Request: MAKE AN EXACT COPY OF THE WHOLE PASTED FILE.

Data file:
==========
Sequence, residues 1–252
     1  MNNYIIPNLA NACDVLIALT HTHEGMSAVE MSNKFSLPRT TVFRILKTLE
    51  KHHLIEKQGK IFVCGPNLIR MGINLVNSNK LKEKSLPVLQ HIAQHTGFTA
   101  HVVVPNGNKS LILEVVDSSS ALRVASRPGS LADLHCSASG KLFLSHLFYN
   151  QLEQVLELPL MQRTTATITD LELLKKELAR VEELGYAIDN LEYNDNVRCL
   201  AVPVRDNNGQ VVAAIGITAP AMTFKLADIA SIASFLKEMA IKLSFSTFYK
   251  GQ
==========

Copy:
Sequence, residues 1–252
     1  MNNYIIPNLA NACDVLIALT HTHEGMSAVE MSNKFSLPRT TVFRILKTLE
    51  KHHLIEKQGK IFVCGPNLIR MGINLVNSNK LKEKSLPVLQ HIAQHTGFTA
   101  HVVVPNGNKS LILEVVDSSS ALRVASRPGS LADLHCSASG KLFLSHLFYN
   151  QLEQVLELPL MQRTTATITD LELLKKELAR VEELGYAIDN LEYNDNVRCL
   201  AVPVRDNNGQ VVAAIGITAP AMTFKLADIA SIASFLKEMA IKLSFSTFYK
   251  GQ